Nonsynaptic neuronal communication

Jason Dean Becker jdbecker at acs.ucalgary.ca
Tue Jul 6 16:14:59 EST 1993


Even though the first hint of nonsynaptic neuronal communication
was published in 1969 (Paton & Vizi), this form of neuronal
communication still seems radical to some. Since then much work 
has provided evidence for its existence (see Vizi & Labos, 1991; 
Vizi, 1984 for reviews). 

In brief, nonsynaptic neuronal communication involves release of a
neuromodulator (this could be a peptide or noradrenaline,
acetylcholine, etc.) from a varicosity or axon terminal devoid of
synaptic specialization, which then diffuses some distance (on
the order of 1-3 micrometers) to have its effect at a target cell
via receptors. The receptors are (usually) presynaptic and are
(usually) heteroreceptors (e.g. alpha2 receptors on cholinergic
terminals). 

As one can see, both nonsynaptic neuronal communication and heteroreceptors
increase the complexity of the nervous system tremendously.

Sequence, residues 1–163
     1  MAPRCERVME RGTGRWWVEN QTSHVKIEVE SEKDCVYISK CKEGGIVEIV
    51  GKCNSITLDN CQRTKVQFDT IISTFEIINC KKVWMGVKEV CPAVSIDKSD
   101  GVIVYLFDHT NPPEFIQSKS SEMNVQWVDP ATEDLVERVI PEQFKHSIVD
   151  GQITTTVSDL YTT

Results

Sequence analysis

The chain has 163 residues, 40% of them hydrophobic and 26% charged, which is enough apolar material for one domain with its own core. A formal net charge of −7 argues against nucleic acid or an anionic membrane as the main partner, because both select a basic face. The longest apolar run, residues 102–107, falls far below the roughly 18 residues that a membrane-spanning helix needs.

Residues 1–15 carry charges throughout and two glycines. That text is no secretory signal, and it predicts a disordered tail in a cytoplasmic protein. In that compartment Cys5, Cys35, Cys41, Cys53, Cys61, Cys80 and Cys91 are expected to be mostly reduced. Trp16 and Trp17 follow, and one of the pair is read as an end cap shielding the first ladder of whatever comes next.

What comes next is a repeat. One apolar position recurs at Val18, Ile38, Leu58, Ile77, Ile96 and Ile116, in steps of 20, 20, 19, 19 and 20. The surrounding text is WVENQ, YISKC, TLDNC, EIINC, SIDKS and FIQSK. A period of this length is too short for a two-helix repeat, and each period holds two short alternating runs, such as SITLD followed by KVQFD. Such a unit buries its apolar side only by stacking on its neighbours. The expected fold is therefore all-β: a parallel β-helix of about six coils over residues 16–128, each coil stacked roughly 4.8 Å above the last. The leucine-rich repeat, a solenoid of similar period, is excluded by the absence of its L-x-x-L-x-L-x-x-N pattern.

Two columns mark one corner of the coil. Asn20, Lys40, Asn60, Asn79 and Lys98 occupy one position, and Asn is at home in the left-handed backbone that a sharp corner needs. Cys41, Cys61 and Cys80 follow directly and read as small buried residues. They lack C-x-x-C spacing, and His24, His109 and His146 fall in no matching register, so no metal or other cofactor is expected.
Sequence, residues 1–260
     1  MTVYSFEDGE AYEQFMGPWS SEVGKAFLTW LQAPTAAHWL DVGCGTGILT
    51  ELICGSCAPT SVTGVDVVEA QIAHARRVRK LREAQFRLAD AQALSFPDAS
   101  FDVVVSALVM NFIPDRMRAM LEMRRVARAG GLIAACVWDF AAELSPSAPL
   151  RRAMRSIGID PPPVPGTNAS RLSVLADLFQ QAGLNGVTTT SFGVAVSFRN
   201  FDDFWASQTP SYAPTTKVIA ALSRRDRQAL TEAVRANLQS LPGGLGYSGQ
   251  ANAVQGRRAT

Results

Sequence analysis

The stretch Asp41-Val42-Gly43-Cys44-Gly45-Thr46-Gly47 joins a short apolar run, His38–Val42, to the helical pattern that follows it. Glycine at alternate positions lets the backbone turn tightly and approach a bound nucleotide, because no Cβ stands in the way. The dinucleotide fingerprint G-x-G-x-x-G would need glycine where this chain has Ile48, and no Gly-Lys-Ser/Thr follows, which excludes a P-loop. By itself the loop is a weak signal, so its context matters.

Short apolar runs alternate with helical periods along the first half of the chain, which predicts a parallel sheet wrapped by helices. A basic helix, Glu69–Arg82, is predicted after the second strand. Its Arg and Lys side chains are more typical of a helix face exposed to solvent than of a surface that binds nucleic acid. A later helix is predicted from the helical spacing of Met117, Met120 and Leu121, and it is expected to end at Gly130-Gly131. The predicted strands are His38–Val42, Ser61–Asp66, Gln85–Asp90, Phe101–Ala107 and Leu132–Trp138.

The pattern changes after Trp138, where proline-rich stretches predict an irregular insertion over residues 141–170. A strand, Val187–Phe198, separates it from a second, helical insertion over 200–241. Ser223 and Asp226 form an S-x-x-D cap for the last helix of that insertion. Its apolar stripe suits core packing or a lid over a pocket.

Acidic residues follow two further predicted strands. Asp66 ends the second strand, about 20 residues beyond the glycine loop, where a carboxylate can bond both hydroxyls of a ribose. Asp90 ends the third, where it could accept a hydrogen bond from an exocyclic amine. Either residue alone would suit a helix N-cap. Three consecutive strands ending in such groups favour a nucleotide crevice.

My question is this: nonsynaptic neuronal communication implies
that this form of neurotransmission does not have a reuptake
mechanism, doesn't it? That is, in order for the neuromodulator
to make it to the target cell(s) a reuptake mechanism must not be present.  

Replies from anyone interested/doing research in this area would
be greatly appreciated. In addition, anyone who would like
to discuss this topic further please reply also.

Post to bionet or direct:

Jason Becker
Behavioral Neuroscience Research Group
University of Calgary
jdbecker at acs.ucalgary.ca



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